LAGOS: Starwood Hotels & Resorts is planning to more than double the size of its African portfolio by the end of the decade, and thus potentially gain a first-mover advantage as a result.
The company expects to open ten new hotels in the region during the next three years, which would give it 48 sites in 15 countries. By 2020, it hopes to boast 100 properties on the continent.
"We like to say that we will enter markets before it is even obvious that we should be there because by the time it is obvious, we want to be up and running," Frits van Paasschen, Starwood's chief executive, told How we made it in Africa.
At present, Egypt, Morocco and Nigeria are among the firm's leading hubs in Africa. Taking Nigeria as an example, van Paasschen said it will build three properties in the country, adding to the current five.
"The number of hotels today in Africa falls short of demand in many markets and that's a function of the fact that capital is in short supply or difficult to attain and in the past companies have under-invested in the opportunity in Africa," he continued.
"Some of the older hotels are in need of capital and renovation but – as importantly – there is a great demand for more hotels in the markets where economies are growing as quickly as they are."
Drawing upon his own experiences of visiting Africa, van Paasschen cited two core learnings of major significance to making progress.
"The first of which is that Africa is clearly changing and the development and the construction of infrastructure is under way," he said. "The second is that there is still quite a way to go and much development that still needs to take place."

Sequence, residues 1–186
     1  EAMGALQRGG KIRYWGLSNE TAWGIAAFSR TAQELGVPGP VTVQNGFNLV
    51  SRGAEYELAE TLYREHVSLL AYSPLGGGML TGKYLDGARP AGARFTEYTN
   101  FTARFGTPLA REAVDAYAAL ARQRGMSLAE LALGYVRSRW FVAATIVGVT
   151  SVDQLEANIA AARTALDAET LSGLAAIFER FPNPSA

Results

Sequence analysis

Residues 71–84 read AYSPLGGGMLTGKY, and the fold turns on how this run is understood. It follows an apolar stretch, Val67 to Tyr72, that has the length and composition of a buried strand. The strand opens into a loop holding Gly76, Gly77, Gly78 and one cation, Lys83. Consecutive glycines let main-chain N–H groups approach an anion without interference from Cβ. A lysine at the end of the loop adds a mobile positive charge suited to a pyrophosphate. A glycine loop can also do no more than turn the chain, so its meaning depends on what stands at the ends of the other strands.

Looking forward, the Ivory Coast, Ghana and Angola are some of the main countries where Starwood is seeking to establish a presence, with business travel remaining the primary driver of its activity.
Van Paasschen said: "We have many of our loyal guests asking us whether we have hotels there. We have customers expressing an interest so those are the three markets we would be very interested in."
Starwood actually began trading in Africa during the 1970s, and van Paasschen suggested this comparatively long history constituted a huge bonus for the organisation.
"It gives us a base of experience in markets; executives that know how to get things done; a reputation with customers and with government; and a familiarity of the brand among travellers – and that is the best foundation to be able to grow."
Data sourced from How we made it in Africa; additional content by Warc staff